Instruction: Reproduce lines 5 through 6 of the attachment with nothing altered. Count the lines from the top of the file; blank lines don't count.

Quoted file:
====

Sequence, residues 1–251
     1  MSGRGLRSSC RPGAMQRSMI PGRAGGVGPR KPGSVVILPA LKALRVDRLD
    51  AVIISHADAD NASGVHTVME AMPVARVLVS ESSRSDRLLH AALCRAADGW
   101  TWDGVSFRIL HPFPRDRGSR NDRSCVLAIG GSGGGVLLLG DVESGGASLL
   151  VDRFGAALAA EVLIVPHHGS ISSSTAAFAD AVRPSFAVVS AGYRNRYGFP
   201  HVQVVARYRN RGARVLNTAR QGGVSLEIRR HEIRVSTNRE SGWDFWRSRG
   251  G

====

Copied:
   151  VDRFGAALAA EVLIVPHHGS ISSSTAAFAD AVRPSFAVVS AGYRNRYGFP
   201  HVQVVARYRN RGARVLNTAR QGGVSLEIRR HEIRVSTNRE SGWDFWRSRG